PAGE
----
Hardwood floors add a beautiful touch to just about any room, but there's some debate about the best way to clean them.
"There are several different mixtures to use for hardwood floors, and you'll want to be sure to try any cleaning solution on an inconspicuous area first," Natalie Wise, author of "The Natural Home: Tips for Cleaning with Natural Ingredients," told TODAY. "A pretty fail-safe way is to use good old soap and water."
Donna Smallin Kuper, author of "Cleaning Plain & Simple," offered a word of caution, "Some hardwood floor manufacturers recommend using a mop dampened with water only, and may even void a warranty on new floors that have been cleaned with any other cleaning solution."
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In high-traffic areas, like the dining room and kitchen, sweep or vacuum daily if possible and mop hardwood floors once or twice a week. Mop less-trafficked areas once a month or once a season.
How to clean wood floors
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Remember: Water is wood's worst enemy (even on sealed floors!), so use a damp mop rather than a soaking wet one.
"You don't want to let any water sit as you're cleaning your hardwood floors, so be sure to work in one small area at a time," Wise said. "If you don't want to be on your hands and knees with a soft cloth, a spin mop will get your mop dry enough to work your floors. Begin by dusting or sweeping your floors well. Then make a cleaning mixture using 4 cups warm water and a few drops of castile soap or dish soap. Do not shake, but gently mix this, then mop or scrub small sections at a time, drying them with a clean cloth or dry mop after."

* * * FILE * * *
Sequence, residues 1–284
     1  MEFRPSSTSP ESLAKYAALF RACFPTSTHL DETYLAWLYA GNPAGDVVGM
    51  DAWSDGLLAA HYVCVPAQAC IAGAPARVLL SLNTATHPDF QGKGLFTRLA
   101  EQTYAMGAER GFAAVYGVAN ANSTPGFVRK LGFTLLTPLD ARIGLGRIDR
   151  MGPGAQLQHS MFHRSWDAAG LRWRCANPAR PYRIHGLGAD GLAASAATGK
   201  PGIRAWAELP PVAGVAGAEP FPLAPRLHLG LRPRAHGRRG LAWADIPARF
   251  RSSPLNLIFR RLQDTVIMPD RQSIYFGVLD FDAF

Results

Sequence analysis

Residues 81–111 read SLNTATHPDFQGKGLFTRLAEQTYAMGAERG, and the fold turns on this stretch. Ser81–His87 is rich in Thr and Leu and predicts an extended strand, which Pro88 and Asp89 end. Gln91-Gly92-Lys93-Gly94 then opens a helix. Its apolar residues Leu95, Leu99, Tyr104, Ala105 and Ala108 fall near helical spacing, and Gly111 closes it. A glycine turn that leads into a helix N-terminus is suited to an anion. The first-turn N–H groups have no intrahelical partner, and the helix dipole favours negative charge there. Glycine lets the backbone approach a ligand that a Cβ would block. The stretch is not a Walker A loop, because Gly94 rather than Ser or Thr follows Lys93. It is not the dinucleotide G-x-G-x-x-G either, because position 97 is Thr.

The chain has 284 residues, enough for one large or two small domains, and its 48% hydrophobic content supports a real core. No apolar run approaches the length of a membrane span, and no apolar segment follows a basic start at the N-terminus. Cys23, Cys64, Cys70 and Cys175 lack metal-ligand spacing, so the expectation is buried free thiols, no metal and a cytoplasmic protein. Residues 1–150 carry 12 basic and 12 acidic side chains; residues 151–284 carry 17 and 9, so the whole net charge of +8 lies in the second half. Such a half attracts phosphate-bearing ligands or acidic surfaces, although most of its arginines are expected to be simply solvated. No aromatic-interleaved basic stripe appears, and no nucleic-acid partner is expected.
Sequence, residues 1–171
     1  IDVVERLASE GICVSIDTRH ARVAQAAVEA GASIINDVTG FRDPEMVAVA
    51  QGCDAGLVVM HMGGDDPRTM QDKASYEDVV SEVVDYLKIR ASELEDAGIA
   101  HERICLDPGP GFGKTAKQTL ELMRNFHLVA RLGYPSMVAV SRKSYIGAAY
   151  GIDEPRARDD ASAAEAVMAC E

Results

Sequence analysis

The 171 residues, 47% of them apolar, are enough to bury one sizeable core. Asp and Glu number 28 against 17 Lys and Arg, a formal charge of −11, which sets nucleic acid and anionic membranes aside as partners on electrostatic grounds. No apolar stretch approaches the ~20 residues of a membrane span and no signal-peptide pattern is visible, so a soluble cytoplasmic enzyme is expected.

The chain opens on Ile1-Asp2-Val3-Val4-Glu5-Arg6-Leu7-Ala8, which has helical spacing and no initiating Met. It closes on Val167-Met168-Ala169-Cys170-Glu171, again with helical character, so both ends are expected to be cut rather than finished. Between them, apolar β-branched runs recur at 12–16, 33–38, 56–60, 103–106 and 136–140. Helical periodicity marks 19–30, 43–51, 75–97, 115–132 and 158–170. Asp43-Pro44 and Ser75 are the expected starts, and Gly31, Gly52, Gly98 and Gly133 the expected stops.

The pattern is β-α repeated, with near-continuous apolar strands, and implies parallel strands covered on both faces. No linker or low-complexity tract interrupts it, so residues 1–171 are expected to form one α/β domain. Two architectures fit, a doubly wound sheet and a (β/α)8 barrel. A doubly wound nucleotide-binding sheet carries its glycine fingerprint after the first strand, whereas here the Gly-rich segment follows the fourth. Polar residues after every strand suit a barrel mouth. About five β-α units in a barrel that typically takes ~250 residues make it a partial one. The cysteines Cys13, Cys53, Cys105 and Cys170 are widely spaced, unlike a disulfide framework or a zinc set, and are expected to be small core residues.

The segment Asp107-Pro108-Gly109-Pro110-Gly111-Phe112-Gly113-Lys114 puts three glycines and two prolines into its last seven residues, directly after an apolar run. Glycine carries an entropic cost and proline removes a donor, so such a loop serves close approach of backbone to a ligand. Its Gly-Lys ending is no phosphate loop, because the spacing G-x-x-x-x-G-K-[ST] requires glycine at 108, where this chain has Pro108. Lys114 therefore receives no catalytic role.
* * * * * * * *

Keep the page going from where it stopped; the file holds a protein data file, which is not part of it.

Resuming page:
"Allow floors to dry while you clean another area," Smallin Kuper said. "Always clean top to bottom in a room, which means that you should clean the floor last."
Do's and don'ts
Do use a floor-cleaning product recommended by the floor finisher or opt for plain soap and water. If the recommended product is hard to find or costly, and other floor cleaners contain ingredients that violate your floor's warranty, try soap and water. Try 1/4 cup of mild or pH-neutral soap (like liquid dishwashing soap) or Murphy Oil Soap (despite the name, it doesn't contain oil) to a bucket of water.
Don't use oils, waxes or furniture sprays. Oil leaves a residue, furniture spray creates a slippery surface (think ice-skating rink!) and wax takes time to apply and makes re-coating difficult.
Don't use straight ammonia, alkaline products or abrasive cleaners. They'll dull or scratch the finish.
Don't rely on lemon juice or a vinegar-and-water solution to clean hardwood floors. "I don't recommend using vinegar or lemon juice, at least not in large quantities, as these can damage the floor's seal," said Wise.
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This story was first published on May 1, 2011.